Flat land with room for expansion Located by the mouth of the river Lule, Luleå is sited on glacially-eroded terrain. The wide, flat valley floor is a perfect place for the construction of large industrial sites.
Cold climate Located 100 kilometres south of the Arctic Circle, the town has a subarctic climate with short, mild summers and long, cold and snowy winters. Winter temperatures are well below freezing and summertime highs rarely climb above 25 degrees Celsius. For around eight months, the high-power computer equipment will cool itself at no cost using the icy outside air (in warmer months, it will use an advanced cooling system powered by evaporating water).
Hydroelectric power (HEP) plants have been used in Sweden to generate electricity for more than 100 years. HEP works by exploiting the potential energy of water as it flows from a higher level to a lower one. The power of the water rotates a turbine-shaft that in turn runs an electrical generator. The motive energy is transformed into electrical energy that is transported by a transformer to individual households.
HEP plants supply almost 50% of Sweden’s total energy mix and most are located on the big rivers in northern Sweden, above the Arctic Circle. 15 plants (including the giant Harsprånget plant) lie along the 460-kilometer-long Lule River in northern Sweden; they produce almost 10% of Swedish energy. Most are sited where waterfalls or rapids were found. The meltwater-fed river flows southeast from the glacial Sarek wilderness down to the town of Luleå where it discharges into the Gulf of Bothnia.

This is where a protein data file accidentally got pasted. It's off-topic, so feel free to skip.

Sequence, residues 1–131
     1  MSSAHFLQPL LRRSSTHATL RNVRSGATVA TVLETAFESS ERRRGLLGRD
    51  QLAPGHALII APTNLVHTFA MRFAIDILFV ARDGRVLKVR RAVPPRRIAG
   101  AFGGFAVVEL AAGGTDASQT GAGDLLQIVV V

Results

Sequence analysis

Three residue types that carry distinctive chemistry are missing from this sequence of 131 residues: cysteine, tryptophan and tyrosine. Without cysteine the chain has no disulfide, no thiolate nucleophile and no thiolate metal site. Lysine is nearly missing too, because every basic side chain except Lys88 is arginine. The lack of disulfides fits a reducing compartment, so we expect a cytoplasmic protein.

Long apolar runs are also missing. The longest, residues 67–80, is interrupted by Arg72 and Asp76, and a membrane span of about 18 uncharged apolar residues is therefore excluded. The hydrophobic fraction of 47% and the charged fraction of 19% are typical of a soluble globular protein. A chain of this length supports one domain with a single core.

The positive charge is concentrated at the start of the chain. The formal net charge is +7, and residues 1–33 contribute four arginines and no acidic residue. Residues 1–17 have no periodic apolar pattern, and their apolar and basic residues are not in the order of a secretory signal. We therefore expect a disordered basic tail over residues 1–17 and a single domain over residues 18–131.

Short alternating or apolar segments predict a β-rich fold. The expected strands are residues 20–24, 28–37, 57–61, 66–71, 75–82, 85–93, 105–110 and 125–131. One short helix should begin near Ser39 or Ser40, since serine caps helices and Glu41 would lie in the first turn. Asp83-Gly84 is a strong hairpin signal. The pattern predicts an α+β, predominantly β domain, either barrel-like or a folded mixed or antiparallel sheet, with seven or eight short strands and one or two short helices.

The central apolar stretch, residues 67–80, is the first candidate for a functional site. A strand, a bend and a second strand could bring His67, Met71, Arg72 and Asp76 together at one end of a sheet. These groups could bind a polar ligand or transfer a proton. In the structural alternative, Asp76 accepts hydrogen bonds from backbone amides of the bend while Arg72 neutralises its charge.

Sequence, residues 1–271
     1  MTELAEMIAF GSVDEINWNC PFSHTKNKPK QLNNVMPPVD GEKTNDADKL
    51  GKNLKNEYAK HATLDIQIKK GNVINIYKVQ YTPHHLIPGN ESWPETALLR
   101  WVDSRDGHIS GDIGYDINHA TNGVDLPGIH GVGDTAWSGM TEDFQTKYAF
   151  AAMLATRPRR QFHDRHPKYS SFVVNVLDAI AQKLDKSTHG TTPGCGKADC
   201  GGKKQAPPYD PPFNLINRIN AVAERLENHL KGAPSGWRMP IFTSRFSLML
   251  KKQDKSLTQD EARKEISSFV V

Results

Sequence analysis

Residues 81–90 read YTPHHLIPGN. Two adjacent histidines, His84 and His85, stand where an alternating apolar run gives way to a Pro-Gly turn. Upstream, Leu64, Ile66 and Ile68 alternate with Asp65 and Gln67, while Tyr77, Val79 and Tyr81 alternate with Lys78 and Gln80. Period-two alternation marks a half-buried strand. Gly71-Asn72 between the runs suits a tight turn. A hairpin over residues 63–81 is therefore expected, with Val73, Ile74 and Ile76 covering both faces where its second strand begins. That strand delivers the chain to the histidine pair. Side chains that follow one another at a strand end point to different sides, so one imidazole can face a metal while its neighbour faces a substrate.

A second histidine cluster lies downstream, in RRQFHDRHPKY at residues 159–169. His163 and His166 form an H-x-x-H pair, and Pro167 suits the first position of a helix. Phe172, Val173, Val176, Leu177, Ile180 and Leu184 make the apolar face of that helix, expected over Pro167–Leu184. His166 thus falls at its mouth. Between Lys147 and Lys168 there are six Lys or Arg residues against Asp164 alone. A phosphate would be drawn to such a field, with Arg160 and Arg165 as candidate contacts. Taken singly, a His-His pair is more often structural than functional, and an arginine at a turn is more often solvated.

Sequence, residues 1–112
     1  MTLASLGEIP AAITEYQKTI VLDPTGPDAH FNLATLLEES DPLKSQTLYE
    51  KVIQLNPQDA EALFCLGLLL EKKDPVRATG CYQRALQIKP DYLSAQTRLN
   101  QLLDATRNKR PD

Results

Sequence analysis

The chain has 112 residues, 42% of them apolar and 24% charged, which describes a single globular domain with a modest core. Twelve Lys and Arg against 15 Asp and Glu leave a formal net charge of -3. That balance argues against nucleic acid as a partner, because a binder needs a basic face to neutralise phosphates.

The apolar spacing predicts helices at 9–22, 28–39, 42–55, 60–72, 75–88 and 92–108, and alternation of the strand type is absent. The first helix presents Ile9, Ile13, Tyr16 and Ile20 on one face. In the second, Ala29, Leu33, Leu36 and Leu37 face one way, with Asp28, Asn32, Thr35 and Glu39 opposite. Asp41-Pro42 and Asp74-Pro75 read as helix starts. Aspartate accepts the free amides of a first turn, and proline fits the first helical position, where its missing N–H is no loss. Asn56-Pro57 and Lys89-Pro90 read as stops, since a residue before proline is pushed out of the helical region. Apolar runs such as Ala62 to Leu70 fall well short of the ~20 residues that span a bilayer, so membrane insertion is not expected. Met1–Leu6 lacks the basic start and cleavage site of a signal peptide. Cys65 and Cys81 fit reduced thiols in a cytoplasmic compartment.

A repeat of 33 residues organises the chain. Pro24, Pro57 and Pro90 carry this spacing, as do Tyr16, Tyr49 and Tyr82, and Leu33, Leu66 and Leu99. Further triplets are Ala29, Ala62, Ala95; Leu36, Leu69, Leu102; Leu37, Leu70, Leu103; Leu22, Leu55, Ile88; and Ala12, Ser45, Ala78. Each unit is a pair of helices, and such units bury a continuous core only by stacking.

Previously glaciated valleys on the edge of active glacial areas near the Arctic circle are a perfect site for HEP generation for several reasons.
Their U-shaped profiles (a product of glacial ice erosion) favour dam construction. Previously glaciated areas may already contain deep ribbon lakes that can be dammed.
Low population densities are found in cold environments, especially in rural areas. This means that reservoirs can be created without the cost of relocating many people.
A large share of the runoff in rivers comes from ice melting. During summer, glacial melting helps maintain a substantial water flow even when precipitation is low.
Upland areas in cold environments are often made of resistant rock that provides firm foundations and prevents reservoir leakage.
Other physical features such as the steep drop of water from a hanging valley onto the valley floor below can provide energy to power turbines.
HEP is a form of renewable energy that does not lead to the emission of large amounts of harmful greenhouse gases. This is important for Facebook, which has been trying to clean up its act since the non-governmental organisation (NGO) Greenpeace’s "How Dirty is Your Data?" report revealed in April 2011 that 53% of Facebook electricity was generated by coal.
Since then, the TNC has worked in partnership with the NGO to try and develop a more sustainable business model that includes greater use of renewables. "Facebook required a certificate verifying that the energy consumed by the facility primarily should come from renewable resources. Thanks to our main river Lule river, we can guarantee this," a Luleå spokesperson told the Guardian (27 October 2011).